Actually, he's not such a soft target. EOH is not an easy read, but it repays the effort, and offers a genuinely thoughtful and at the time fairly novel proposition: that there is now a broad global consensus, right across the political spectrum, that liberal democracy, capital markets and competition work better than any other known system. So it is history in the Hegelian and Marxist sense of the word which he proposes has come to a conclusion rather than all human history, as his sillier detractors imply.

Even if you do not agree with him, it's a thought provoking idea, and who is to blame an author of a fairly abstruse work for dreaming up a catchy title.

Anyway, this is his latest effort, published a few weeks ago - bought in Oxford St, London, with the flashy cover you see above. Amusingly, in the US it has a sober black cover and an alternative title America at the Crossroads

So FF's nose for a catchy title or two, tailored to the local market, is still in fine working order.

This one is much more readable. Success and fame have brought in their wake better prose - pointed, concise and with a refined sense of humour lacking before. Fukuyama claims, perhaps with some justification, that his ideas became part of the intellectual apparatus of the neoconservative administration of George Bush. He now wishes to formally repudiate the association, and mounts a ferocious critique of his government's current foreign policy and ideology.

This brief monograph (just over 190 pages of large double spaced type plus critical apparatus) traces the early history of neoconservatism as a school of thought, then explains how its ideas, perhaps not that intrinsically smart to start with, have been systematically altered and debased by the current rulers of America.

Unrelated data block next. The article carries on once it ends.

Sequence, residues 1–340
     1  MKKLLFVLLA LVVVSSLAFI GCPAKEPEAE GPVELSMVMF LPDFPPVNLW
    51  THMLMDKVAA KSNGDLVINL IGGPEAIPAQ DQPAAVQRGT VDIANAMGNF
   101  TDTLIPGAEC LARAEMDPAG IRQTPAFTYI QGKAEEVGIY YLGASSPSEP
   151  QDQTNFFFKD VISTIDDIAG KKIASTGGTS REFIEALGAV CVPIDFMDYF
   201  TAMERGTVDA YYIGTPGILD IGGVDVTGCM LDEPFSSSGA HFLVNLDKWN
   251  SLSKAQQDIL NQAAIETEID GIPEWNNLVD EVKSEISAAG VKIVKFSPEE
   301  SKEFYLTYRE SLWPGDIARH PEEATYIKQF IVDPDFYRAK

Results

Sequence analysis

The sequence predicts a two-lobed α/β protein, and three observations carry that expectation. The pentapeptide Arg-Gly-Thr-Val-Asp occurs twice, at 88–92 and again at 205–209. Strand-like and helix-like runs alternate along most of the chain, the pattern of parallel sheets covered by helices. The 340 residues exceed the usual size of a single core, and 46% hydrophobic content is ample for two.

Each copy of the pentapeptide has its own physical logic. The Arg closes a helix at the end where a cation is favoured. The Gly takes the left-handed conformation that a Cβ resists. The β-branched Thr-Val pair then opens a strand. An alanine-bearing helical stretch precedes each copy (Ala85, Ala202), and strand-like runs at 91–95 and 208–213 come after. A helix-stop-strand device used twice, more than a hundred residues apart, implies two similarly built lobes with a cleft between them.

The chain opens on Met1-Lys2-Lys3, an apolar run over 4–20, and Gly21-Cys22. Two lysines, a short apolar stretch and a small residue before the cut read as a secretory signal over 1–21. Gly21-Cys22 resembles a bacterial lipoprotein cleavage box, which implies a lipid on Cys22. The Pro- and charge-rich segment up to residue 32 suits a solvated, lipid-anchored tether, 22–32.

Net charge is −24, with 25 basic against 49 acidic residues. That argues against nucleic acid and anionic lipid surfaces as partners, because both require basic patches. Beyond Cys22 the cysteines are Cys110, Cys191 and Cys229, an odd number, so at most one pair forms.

He concludes with a couple of chapters of positive suggestions, one on alternative and more effective global institutions, and one on American foreign policy.

The reader may mutter, well, well, easy enough to be an armchair critic and theorist, of course, (but is it really that easy?) Nevertheless, the views which emanate from Fukuyama's cosy upholstery at Yale are always a cut or two above the average, and usually do merit thoughtful reading and debate, never more so than here, where we can all enjoy the rare enough spectacle of one of the most celebrated and respected conservative theorists decisively distancing himself from the increasing global catastrophe that is George Bush abroad.

Monday, May 01, 2006

Si vuol ballare

Do you wanna dance, under the moonlight, kiss me kiss me, all through the night, oh baby, do you wanna dance? Le Nozze de Figaro, Act IV

David Cairns was music critic of the London Daily Telegraph and founded the Chelsea Opera in 1950 with the sole purpose of giving himself the opportunity to sing Leporello in an amateur production of Don Giovanni

Those two factlets tell you everything you need to know about this book - it combines a British urbanity and considerable erudition and insight with a tireless commitment to self-indulgence and a rarefied hedonism. This is not as maladroit a recipe for an engaging read as you might suppose.